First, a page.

Table 1
Demographic and clinical characteristics as a function of the HIV status of methadone patients from four hospitals (N = 576).

The two HIV groups differed significantly on HCV and morphine at intake and on methadone dosage at interview (Table (Table1).1). Interestingly, 514 (93%) were HCV positive, and every HIV-positive patient tested positive for HCV. In addition, 92% of the HIV-negative participants were positive for HCV. The between-HIV-group difference was significant for HCV prevalence by Fisher's exact test (p < 0.01). The urine tests showed that more than 70% of the patients in the HIV-negative group tested positive for morphine at intake, compared to 55% in the HIV-positive group, χ2(1, N = 544) = 6.08, p < 0.05. The average dose of methadone at intake was 38.5 ± 20.3 mg and the dosage increased to 49.8 ± 31.7 mg by the time of the interview. At that time, the mean dose of methadone for the HIV-positive group was significantly higher than for the HIV-negative group, t(543) = 2.95, p < 0.01. Also, the HIV-positive group spent on average significantly more days in methadone treatment than the HIV-negative group (218 days vs. 179 days); t(553) = 2.05, p < 0.05.

HIV risk behavior, psychiatric symptoms, and quality of life

Table Table22 shows the differences between the HIV-positive and HIV-negative groups on risk behavior, psychiatric symptoms, and quality of life. The groups differed significantly on sexual intercourse within the last 6 months, χ2(1, N = 528) = 19.7, p <.01, condom use at last sexual encounter, χ2(1, N = 460) = 15.301, p < 0.01, frequency of condom use within the last 6 months, χ2(2, N = 390) = 13.164, p < 0.01, and heroin injection within the last 6 months, χ2(1, N = 518) = 4.309, p < 0.05. Specifically, 90% of the HIV-negative patients who were sexually active had sexual intercourse within the last 6 months compared to 70% of the corresponding HIV-positive patients. Likewise, 54% of the sexually-active HIV-negative patients did not use condoms during their last sexual intercourse, compared with 23% of the corresponding HIV-positive patients. Whereas 42% of the sexually active HIV-positive patients reported that they always or frequently used condoms during the last 6 months, 24% reported that they used condoms only sometimes during this period, and 34% reported that they never used them during this period (Table (Table2).2). In contrast, 18%, 22%, and 60% of HIV-negative patients reported that they always/frequently, sometimes, and never used condoms during the last 6 months, respectively.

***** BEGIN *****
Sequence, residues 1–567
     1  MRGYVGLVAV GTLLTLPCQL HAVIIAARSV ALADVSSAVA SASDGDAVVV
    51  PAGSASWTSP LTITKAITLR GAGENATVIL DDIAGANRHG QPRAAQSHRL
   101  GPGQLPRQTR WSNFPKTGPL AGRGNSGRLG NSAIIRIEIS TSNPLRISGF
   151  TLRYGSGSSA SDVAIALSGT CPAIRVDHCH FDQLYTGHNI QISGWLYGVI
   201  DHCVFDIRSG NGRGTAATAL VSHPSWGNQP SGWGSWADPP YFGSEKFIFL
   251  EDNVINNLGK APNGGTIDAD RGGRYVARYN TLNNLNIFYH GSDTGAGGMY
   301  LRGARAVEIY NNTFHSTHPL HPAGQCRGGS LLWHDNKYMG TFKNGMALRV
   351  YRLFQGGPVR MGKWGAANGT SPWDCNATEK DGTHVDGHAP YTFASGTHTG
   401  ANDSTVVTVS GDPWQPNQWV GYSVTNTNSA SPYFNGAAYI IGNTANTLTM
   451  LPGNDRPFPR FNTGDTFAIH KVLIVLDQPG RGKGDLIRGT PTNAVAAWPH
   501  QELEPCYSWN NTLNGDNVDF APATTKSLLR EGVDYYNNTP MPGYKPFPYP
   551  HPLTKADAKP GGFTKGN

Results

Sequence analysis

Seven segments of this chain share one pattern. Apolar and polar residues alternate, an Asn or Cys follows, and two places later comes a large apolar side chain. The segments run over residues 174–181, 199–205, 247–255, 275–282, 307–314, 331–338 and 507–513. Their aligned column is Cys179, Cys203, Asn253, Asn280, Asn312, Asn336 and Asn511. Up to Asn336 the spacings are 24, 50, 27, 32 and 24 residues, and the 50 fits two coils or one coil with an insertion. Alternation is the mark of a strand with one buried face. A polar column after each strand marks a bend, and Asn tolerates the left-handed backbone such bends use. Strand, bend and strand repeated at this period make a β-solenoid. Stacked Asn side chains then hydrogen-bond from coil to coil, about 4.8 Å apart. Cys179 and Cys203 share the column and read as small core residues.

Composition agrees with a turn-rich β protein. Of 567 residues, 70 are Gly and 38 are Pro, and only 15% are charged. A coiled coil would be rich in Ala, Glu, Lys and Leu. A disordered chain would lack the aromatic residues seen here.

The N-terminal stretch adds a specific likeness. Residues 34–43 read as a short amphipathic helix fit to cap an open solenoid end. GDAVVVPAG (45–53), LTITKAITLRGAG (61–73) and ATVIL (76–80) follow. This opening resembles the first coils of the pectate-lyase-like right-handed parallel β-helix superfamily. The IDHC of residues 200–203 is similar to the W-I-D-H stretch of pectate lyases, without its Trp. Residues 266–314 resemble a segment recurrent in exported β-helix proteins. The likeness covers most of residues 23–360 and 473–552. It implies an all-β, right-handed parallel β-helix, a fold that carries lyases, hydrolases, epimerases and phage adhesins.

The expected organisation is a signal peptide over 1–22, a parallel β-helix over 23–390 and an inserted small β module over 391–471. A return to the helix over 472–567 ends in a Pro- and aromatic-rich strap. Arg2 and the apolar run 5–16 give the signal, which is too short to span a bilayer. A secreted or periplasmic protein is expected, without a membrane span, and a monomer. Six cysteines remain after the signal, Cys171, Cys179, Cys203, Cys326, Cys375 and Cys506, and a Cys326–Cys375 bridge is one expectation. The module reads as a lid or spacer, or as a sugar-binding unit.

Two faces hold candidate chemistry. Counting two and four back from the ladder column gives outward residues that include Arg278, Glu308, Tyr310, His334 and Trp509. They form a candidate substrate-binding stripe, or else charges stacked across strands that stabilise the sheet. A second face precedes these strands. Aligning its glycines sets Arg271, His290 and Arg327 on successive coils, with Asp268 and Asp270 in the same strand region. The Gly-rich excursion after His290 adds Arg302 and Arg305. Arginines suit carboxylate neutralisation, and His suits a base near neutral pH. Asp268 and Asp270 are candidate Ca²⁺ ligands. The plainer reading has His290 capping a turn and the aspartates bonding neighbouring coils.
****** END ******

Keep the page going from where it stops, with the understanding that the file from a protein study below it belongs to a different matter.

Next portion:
Table 2
HIV risk behavior, psychiatric symptoms, and quality of life as a function of HIV status.

The results show that 88% of the participants reported that they had injected heroin within the last 6 months. This percentage was higher in the HIV-negative group than the HIV-positive group, χ2(1, N = 518) = 4.309, p < 0.05. In addition, 94% of the patients reported that they rarely or never shared their syringes with others during the last 6 months. However, 7 HIV-positive participants reported sharing syringes during this period.

Regarding psychiatric symptoms 30 days prior to the interview, 21% of the participants experienced anxiety, 27.2% experienced depression, 32.7% had difficulty with memory, 32.7% attempted suicide, and 16.1% took psychiatric medications within the past 30 days. No significant differences were found between psychiatric symptoms and HIV status.

As for quality of life, of the four domains measured by the WHOQOL-BREF, the methadone patients scored lowest on psychological (mean = 48.46) and highest on physical (mean = 56.98). However, no significant differences in quality of life were found between the HIV-positive and HIV-negative groups on the overall scale or any of the four domains.

Discussion

This study was aimed at determining the demographics and clinical characteristics of methadone patients in northern Taiwan as a function of their HIV status. We found no demographic differences between the HIV-positive and HIV-negative groups. The demographics of the patients in the present study were similar to those in other studies of heroin use [11], except that our respondents were about 5 to 7 years older than those in the other studies when they began using heroin [5,12]. But, the mean age of first heroin use in this study (27.2 ± 7.4 years) was similar to a previous study (25.4 ± 6.7 years) conducted among 155 treatment-seeking heroin abusers in Taiwan [13].

With respect to clinical characteristics, there were significant differences between our HIV-positive and HIV-negative groups on HCV infection, morphine in the urine and methadone dosage at the time of the interview. Because IDUs commonly share injection equipment (needles), and HCV and HIV are transmitted mainly through blood and serum, IDUs are highly susceptible to HCV and HIV [4,5,14,15]. Global estimates of the prevalence of HCV infection in IDUs have been highest for Asia [16]. In most Asian countries, including Taiwan, drug users are tested for HCV but receive no treatment for it [17]. As they do for HIV testing and counseling of men who have sex with other men, hospitals should design and implement programs for the behavior counseling and education programs about HCV and health generally.